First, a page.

Seven-year-old boy wonder raises £2,500 for children in just two days after scaling England’s highest mountain
A seven-year-old boy from Leeds has raised £2,500 for orphans by climbing 3,209-feet on England’s highest mountain following inspiration from a film he watched.
Little Dylan Avtar decided that he wanted to raise £1000, after he watched called ‘Norbit’, which is about children in an orphanage. So moved was the primary school kiddo that he got hooked on the idea of raising money for orphanages.
The cute-faced Dylan, appreciating that he has a “mummy and daddy”, turned around to his parents and said that he wanted to help orphans as well as disabled and “really poorly” children by giving them toys and presents.
Dylan’s dad says he was completely blown-away with his seven-year-old son’s idea – Dylan had even offered to help his dad at work, doing a summer job.
It was at his dad’s work that he came up with the idea to walk up Scafell Pike, the highest mountain in England, after he heard about it.
As the idea for Dylan’s fundraising progressed, the family decided that any funds raised should be allocated to orphanages in India, Pakistan and Britain, marking the 70-years Independence Day anniversaries for both countries.
It was Dylan’s aim to raise £1000, and he set up his just giving page just two days before the walk itself. Incredibly, within just a few days he completely smashed his target.
Embarking on a climb that most would chicken out of, Dylan completed the mammoth walk with his two sisters Katrina, 5 and Davina, 10 as well as his parents and a few other volunteers on Saturday 19th August.
As the walk went on the weather conditions deteriorated drastically, but this didn’t deter determined Dylan who wanted to push on and carry on to the finish.
The beginners were halfway up by the time the more experienced novices were on their way back down.
There were horrendous weather conditions with gale force winds and visibility was reduced when they were in the clouds. At this point Katrina and her mother decided like the majority of the other walkers to retreat back.
While others dropped out and made their way back to base camp, daring Dylan with his dad and sister Davina, continued towards the summit and achieved the feat of climbing England’s highest peak.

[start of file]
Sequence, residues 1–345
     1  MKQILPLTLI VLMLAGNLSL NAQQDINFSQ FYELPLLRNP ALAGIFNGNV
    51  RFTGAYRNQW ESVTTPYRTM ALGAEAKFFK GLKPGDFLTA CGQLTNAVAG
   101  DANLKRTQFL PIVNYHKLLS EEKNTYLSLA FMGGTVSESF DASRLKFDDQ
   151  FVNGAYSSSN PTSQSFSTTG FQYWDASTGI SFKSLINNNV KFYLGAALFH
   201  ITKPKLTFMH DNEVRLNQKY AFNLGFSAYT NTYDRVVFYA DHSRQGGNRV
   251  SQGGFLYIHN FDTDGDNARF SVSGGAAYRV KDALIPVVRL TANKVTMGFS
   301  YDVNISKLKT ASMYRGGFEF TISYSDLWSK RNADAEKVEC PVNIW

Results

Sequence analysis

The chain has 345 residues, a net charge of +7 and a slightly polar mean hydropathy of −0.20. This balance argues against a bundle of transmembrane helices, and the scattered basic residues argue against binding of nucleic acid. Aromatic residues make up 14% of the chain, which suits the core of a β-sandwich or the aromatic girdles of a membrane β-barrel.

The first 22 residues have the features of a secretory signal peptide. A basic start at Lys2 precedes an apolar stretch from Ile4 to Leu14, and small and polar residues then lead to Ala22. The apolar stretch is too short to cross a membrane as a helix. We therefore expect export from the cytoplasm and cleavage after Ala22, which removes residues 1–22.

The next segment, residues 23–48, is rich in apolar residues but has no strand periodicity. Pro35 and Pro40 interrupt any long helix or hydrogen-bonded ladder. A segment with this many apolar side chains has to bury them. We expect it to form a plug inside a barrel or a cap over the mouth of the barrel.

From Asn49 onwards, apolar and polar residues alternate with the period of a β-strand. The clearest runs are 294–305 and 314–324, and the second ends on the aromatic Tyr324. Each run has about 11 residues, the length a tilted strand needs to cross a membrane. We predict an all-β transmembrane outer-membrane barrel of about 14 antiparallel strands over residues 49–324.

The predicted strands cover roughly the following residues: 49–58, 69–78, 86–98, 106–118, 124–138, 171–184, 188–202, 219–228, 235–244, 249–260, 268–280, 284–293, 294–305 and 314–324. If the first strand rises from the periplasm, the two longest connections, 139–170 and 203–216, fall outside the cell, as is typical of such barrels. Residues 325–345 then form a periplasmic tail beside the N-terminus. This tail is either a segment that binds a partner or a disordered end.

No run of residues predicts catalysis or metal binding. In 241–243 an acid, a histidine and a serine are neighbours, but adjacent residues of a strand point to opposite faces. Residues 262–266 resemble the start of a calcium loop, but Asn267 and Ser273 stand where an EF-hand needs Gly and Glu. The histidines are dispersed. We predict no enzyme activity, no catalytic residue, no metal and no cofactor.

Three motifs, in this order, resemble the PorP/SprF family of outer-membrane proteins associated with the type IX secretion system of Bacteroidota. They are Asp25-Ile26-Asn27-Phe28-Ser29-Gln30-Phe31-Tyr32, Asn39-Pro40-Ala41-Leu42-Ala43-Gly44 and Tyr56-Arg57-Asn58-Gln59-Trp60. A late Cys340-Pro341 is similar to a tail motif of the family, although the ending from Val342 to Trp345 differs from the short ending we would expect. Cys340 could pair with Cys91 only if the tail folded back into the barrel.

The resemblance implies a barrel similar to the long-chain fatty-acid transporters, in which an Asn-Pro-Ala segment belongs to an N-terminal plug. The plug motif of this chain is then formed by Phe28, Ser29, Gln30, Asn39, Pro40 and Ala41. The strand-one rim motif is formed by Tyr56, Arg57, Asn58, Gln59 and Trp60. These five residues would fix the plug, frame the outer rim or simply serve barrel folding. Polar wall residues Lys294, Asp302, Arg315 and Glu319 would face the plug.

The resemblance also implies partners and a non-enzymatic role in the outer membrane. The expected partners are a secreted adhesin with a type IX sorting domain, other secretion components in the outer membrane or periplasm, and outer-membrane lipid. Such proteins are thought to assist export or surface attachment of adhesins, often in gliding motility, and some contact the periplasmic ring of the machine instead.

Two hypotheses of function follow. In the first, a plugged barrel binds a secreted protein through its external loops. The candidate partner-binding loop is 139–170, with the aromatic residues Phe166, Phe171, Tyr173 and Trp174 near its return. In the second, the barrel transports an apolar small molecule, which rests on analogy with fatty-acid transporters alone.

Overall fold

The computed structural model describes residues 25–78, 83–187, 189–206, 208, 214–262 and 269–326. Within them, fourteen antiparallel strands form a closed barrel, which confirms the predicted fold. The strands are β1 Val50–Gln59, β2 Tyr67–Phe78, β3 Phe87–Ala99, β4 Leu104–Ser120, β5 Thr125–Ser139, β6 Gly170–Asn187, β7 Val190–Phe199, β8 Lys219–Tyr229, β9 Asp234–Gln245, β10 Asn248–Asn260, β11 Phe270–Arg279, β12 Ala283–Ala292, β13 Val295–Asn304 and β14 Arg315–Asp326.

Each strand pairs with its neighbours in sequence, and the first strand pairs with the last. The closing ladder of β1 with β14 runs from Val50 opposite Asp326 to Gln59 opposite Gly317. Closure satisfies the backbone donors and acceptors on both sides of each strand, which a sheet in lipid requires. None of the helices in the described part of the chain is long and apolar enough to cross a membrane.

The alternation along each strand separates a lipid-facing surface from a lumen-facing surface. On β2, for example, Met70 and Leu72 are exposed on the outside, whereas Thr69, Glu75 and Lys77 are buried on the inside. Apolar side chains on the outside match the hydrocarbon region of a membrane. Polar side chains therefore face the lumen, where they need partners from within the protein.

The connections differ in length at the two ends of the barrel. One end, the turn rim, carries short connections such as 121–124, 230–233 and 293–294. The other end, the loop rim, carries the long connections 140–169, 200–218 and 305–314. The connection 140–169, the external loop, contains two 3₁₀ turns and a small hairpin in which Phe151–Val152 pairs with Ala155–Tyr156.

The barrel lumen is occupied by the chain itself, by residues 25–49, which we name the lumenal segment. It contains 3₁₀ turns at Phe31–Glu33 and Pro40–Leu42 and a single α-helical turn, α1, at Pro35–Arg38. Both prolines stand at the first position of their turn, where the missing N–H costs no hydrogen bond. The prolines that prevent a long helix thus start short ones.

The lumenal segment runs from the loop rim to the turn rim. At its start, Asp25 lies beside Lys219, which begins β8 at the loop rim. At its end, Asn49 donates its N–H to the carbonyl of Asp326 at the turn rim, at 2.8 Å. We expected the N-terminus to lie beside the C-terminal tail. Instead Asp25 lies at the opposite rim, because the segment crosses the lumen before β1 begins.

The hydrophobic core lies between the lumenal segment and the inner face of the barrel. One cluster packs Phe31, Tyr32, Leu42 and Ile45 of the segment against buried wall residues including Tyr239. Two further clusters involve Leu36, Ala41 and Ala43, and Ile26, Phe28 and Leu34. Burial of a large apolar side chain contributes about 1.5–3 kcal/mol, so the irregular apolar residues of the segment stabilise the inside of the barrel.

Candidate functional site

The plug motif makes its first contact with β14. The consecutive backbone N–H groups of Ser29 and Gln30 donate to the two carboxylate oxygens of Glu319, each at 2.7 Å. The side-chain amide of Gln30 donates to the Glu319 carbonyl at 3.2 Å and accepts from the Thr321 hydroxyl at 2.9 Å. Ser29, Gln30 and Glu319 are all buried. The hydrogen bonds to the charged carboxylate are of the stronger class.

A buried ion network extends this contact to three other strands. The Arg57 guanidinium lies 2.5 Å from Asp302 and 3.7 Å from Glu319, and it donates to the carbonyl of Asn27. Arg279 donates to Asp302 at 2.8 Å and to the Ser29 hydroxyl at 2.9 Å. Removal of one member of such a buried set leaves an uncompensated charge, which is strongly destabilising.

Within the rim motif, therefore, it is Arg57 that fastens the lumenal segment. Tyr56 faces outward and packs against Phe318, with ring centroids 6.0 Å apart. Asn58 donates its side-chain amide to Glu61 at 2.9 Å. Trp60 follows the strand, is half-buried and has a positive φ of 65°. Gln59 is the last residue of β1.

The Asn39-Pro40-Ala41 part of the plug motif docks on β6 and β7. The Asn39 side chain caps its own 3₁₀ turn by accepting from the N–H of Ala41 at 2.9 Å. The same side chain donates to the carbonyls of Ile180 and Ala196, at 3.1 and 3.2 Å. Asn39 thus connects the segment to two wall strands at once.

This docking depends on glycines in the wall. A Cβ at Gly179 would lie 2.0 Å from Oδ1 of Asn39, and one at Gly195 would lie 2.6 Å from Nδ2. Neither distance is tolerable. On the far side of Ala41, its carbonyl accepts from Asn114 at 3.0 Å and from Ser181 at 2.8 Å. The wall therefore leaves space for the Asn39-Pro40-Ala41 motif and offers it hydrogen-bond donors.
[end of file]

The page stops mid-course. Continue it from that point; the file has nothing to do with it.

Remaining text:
The final push was difficult with conditions that poor that even the support team were advising to abandon the walk, but this didn’t stop the determined trio.
With the final part of the walk taking in excess of an hour due to slippery stones, they eventually completed the climb.
Dylan spoke of his experience and what he encountered on the walk he said: “It was fun and tiring, going up was fun because you could see animals like sheep and cows.
“When we reached the top, we were in the clouds and it was very cold, there was a stone wall at the top with steps and I climbed up there and got to the top. When you got up there and looked behind you it was quite scary. It was very windy and blowing quite heavy in my face and nearly pushed me over.
“Coming down was fun as you could walk on the grass and this was better as you could get more grip in your sticks.
“My favourite bit was walking up where there was a dome because you could slide down on the rocks. We saw the highest lake in England, we had to climb over rocks running through a stream, some people couldn’t get over it.”
The charity walk was sponsored by CC Continental Supermarket who provided all the equipment used on the day including clothing and walking boots. Tania and Manoj from the local chemist also sponsored the support team with First Aid supplies, while Asian Express sponsored the transport.
Now, Dylan has now decided he wants to carry on with his challenges and has set his sights on climbing the challenging 4,435-foot Ben Nevis in Scotland, which is the highest mountain in the country.
Dylan’s Challenge will be airing on Sky TV’s Sikh channel in September.